Two top state Republican leaders, including House Speaker Mike Chenault, are suggesting that Alaska Permanent Fund earnings might be used to subsidize an in-state natural gas pipeline
A bill introduced Monday by Chenault, R-Nikiski, and Rep. Jay Ramras, R-Fairbanks, would ask voters if they'd support using the Fund's earnings in such a way.
The question proposed to voters would be: "After paying annual dividends and inflation-proofing the fund, should permanent fund investment earnings be appropriated to help pay the costs of constructing an in-state natural gas pipeline?"
The question would be asked at a statewide general or primary election, which could be as soon as August.
Earnings of the permanent fund are currently used to pay dividends and to protect the fund's underlying principal from inflation.
"I don't want Alaskans to believe that this advisory vote is a raid on the earnings of the permanent fund," Chenault said.
It's not clear what impact Chenault's proposal might have on the size or ability to pay future dividends.
Dividends are paid out of the fund's investment profits, but those profits are only tallied when they are "realized," such as when a stock or other investment is sold.
Those profits are called "earnings reserve," and under state law only half of the earnings reserve can be paid out in dividends in any year.
There is currently not enough money in the earnings reserve to pay this year's full dividend, unless markets further rebound between now and the end of the fiscal year on June 30.
Taking additional money out of the earnings reserve may make it more difficult to reach the payout threshold in future years.
Chenault's proposal included no amounts to be taken from the earnings reserve or specifics on what it would be used for.
Rep. Harry Crawford, D-Anchorage, who has sponsored a bill to write the dividend into the state's constitution, said Chenault's bill doesn't conflict with his proposal and he supported the intent.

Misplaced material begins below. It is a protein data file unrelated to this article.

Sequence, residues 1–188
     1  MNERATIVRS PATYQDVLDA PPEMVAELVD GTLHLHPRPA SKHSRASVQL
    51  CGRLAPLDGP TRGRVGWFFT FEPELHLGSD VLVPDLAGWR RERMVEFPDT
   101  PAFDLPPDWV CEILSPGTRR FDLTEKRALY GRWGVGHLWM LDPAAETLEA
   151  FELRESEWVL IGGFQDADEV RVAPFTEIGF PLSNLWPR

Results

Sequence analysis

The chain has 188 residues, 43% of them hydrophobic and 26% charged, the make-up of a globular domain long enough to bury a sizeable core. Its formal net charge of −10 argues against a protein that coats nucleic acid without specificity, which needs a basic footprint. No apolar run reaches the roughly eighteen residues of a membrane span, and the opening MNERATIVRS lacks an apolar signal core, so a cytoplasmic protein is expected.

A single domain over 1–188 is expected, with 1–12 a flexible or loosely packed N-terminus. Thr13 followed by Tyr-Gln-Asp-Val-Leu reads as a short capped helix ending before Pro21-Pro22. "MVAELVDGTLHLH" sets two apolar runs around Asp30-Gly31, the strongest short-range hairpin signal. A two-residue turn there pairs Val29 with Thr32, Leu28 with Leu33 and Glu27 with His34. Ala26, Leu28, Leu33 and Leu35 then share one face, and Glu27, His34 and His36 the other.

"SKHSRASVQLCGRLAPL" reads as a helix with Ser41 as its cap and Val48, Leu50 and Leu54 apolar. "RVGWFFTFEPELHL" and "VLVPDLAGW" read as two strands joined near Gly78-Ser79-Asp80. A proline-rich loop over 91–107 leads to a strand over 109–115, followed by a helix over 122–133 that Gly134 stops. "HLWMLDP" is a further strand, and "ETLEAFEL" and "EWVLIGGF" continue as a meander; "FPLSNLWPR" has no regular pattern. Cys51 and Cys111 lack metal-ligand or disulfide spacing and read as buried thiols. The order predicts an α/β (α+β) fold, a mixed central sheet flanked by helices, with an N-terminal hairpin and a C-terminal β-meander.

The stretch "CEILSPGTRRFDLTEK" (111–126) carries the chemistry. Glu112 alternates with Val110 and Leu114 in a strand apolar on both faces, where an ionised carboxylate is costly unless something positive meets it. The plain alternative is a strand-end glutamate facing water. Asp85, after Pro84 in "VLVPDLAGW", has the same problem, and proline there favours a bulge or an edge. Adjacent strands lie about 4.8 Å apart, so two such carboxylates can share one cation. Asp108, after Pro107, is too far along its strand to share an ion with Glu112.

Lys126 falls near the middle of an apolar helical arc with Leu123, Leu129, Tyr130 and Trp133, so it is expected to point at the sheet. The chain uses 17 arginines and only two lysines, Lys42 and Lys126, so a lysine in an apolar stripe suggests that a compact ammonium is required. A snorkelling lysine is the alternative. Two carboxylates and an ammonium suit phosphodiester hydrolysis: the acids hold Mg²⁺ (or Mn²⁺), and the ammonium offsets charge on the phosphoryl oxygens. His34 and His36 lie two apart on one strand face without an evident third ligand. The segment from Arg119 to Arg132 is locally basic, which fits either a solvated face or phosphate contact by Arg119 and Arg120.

"If the people say 'okay,' I can't think of many better uses for it," he said.
Crawford said his bill would allocate only 50 percent of the earnings for dividends, and would leave the remainder for other uses.
Crawford said he is also concerned about the definition of "in-state" gas, and said his priority is to get the state a large capacity, interstate pipeline to ensure the gas it brings is affordable. Due to the economies of scale in gas transportation, a large diameter pipeline would produce cheaper gas than a smaller one.
"I want to see the big line, I want to see something that makes economic sense," he said.
Chenault said that focusing on one or two big energy projects for the state, such as in-state natural gas line, would have a better chance of success than a shotgun approach with many small projects that might fail.
"It's time for the state to start making decisions and this question will help the Legislature and administration move toward viable projects," he said.
A subsidy for in-state gas might have more trouble in the Senate than in the House, where several top leaders are from Southcentral or Railbelt communities that stand to benefit.
In the Senate, by contrast, influential members such as President Gary Stevens, R-Kodiak, and Sens. Bert Stedman, R-Sitka, and Lyman Hoffman, D-Bethell, are all many miles away from where the gas lines would run.
The bill may have an easy path in the House, however. Chenault referred his bill to only two committees, the Resources and Finance committees. The four co-chairmen of those committees are all Southcentral Republicans.
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